Written by: Matt Molgaard
Robert Rodriguez is one versatile dude. Vampires, renegade bad ass killers, aliens… ehh, whatever! This guy really can do it all, and amazingly, he’s a damn consistent performer. From Dusk Till Dawn was an awesome piece of work, as were Planet Terror, Sin City and the shamelessly exploitative Machete pics. But one of Robert’s films that often flies under the radar (I’ve been told by more than one person they weren’t even aware of the fact that he’d been the one behind the wheel for this piece) is the trendy invasion addition, The Faculty.
The Faculty sees a small rural community dumped on its head when aliens move in to invade, launching their assault at the local high school. The problem for these nasty creatures comes in the form of a handful of misfits who, combined, possess the resolve and intellect to potentially thwart the plans of these other worlders. Whether or not the wildly diverse individuals can come together and work as one cohesive unit is an entirely different story.
This one feels as though it was specifically designed to cater to the younger crowd, and it manages such a feat. What’s truly amazing however is the fact that it manages this feat without coming across as shallow, insincere teenie bopper rubbish. The story isn’t original, by any means, but Rodriguez capitalizes on any opportunity to toss in tribute sequences, which makes for a fine indication that he’s aware of the material he’s working with. He knows this is just another invasion flick, but he has fun by incorporating countless nods to classic pics of similar ilk, and it helps smooth over any discomfort with the general premise.
The acting is quite refined, despite all the youthful faces attached to the production. Personally, I can’t but feel that performers like Josh Hartnett, Clea DuVall and Shawn Hatosy worked diligently to step their game up in the presence of talents like Piper Laurie, Robert Patrick, Jon Stewart, Daniel von Bargen and even fellow (but extremely seasoned) Elijah Wood. There’re an abundance of top notch thespians attached to this film, and they bring some major appeal. I have no problem seeing the younger generation of up-and-comers driven to exceed the expectations of their veteran co-stars. Regardless of what compelled this cast to perform, they did – in a big way.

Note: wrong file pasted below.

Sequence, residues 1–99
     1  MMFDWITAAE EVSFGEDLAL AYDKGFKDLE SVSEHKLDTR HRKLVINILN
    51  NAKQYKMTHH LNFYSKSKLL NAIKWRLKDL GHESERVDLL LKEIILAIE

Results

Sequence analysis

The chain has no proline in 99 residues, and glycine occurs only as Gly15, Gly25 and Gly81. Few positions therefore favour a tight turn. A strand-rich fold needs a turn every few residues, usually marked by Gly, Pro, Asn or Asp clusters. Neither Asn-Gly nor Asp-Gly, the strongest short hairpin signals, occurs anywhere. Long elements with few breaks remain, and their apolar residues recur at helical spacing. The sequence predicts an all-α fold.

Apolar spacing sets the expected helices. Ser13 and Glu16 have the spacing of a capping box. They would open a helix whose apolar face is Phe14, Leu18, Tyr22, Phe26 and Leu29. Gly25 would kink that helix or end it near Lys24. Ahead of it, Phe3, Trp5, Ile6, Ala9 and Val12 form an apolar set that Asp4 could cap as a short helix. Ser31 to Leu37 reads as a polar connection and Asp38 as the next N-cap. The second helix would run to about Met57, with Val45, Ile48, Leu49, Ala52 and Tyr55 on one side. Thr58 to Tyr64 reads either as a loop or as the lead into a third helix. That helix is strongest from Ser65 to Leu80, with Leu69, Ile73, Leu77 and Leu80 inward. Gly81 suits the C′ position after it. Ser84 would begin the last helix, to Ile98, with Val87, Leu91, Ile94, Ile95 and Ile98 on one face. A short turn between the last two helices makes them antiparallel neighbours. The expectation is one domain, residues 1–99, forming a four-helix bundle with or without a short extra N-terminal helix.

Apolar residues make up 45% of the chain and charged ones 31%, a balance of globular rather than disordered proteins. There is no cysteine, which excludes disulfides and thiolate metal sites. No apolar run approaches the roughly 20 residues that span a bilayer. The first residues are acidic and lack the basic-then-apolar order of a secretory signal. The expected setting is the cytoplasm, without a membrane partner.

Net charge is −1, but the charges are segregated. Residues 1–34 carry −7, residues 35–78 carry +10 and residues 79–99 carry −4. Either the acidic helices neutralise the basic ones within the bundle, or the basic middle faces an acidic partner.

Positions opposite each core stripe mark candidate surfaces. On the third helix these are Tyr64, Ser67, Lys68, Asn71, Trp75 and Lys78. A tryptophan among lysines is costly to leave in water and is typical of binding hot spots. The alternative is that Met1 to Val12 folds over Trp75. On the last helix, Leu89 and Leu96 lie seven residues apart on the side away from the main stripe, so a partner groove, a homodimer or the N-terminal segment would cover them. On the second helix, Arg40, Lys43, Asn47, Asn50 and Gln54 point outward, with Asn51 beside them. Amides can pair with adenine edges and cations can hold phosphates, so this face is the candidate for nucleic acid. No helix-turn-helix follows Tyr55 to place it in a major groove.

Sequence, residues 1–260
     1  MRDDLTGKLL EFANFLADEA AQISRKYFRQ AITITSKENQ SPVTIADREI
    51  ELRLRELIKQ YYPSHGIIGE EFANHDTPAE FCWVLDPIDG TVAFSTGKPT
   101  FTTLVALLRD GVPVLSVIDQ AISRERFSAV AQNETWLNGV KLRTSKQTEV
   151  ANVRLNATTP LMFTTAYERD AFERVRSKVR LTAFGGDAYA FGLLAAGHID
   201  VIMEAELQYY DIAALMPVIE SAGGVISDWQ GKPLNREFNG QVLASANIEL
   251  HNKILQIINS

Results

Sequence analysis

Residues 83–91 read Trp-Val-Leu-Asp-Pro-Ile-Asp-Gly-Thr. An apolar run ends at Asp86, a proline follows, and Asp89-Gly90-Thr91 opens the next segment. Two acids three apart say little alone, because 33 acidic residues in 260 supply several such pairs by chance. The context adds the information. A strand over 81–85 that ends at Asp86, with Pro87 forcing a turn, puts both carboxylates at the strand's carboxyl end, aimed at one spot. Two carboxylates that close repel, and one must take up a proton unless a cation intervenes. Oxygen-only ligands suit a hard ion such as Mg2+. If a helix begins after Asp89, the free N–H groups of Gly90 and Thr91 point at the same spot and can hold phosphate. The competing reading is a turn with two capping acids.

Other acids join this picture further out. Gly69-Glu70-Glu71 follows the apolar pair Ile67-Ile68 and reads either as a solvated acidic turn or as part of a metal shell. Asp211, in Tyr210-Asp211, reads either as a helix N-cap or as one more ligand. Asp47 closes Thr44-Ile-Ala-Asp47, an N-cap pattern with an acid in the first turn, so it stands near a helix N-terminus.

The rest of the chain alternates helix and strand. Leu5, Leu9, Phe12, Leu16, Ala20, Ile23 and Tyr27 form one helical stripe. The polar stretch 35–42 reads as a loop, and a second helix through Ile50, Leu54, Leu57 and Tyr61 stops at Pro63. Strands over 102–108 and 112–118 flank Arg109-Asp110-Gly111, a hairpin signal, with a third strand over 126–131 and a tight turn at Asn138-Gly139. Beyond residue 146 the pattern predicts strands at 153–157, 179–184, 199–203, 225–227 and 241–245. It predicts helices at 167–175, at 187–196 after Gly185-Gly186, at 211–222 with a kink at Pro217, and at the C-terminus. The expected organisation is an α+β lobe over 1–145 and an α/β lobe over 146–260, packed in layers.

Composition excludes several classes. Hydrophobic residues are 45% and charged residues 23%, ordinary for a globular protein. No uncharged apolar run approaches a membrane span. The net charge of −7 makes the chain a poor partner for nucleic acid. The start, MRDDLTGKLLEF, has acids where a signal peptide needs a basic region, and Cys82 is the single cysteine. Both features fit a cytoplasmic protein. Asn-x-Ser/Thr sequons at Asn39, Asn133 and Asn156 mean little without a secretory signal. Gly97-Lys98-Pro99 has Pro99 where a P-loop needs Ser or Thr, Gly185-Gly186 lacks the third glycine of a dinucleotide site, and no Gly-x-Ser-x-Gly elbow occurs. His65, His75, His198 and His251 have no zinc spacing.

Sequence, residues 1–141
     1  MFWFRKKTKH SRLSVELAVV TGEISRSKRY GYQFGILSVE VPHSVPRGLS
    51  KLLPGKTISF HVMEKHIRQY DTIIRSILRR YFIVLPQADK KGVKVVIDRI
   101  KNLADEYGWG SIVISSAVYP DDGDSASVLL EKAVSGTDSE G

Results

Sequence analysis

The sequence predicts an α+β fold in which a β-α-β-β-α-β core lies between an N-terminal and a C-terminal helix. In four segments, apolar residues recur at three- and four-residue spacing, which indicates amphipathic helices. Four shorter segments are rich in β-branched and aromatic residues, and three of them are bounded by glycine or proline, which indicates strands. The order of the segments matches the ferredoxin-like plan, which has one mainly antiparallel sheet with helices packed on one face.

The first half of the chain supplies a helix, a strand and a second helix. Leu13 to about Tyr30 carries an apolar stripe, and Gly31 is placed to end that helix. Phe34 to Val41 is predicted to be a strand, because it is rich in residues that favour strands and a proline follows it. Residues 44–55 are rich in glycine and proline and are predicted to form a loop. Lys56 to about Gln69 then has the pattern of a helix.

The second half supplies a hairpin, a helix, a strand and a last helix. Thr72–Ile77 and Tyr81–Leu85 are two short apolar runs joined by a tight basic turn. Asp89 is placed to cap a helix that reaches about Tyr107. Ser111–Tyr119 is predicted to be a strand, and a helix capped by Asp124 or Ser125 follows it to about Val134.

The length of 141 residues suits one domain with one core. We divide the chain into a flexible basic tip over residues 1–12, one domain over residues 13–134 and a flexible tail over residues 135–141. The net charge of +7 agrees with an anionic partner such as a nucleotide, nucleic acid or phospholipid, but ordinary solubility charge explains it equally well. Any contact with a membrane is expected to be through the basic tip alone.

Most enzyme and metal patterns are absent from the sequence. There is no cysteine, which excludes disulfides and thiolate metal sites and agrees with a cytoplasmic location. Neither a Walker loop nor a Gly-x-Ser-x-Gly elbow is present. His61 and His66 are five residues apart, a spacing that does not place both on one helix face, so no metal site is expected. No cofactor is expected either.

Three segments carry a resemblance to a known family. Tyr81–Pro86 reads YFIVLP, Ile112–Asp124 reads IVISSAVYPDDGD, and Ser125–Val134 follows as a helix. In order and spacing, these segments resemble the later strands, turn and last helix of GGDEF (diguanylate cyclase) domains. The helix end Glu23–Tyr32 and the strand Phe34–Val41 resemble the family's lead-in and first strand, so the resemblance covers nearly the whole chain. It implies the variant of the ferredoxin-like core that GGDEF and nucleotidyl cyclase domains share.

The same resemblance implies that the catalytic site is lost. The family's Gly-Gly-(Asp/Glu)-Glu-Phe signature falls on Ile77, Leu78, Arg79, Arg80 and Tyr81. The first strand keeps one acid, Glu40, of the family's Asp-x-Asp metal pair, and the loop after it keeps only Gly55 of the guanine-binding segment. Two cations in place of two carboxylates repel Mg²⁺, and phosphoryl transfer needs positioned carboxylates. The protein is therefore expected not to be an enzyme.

Wood is highly entertaining as the nerdy victim turned unsuspecting hero and Hartnett redefines rebelliously cool (seriously, we’re near the same age, and I recall catching this one on the big screen and thinking, why the hell am I not as cool as this cat, and how do I get to be?), Laurie is exceptionally creepy and Famke Janssen pulls off a great transformation from reserved teacher to hot, empowered woman. And those are just a few of the standout performances. Shawn Hatosy may be the flick’s biggest surprise, as he’s got some heart, looks comfortable in front of the camera, and up to this point, remained a total and complete unknown. Well, he’s on the map now.
There are a few plot holes to contend with throughout the feature, and it is indeed formulaic, but The Faculty succeeds in doing one thing very, very well: entertaining. Whether you’re big on the cast or the concept, or not, the movie moves so quickly that it’s difficult to avoid enjoying it. It’s a little flashy, and it’s got a thing or two working against it, no doubt, but The Faculty still proves an impressive piece of cinema that deserves a fair chance and an open mind.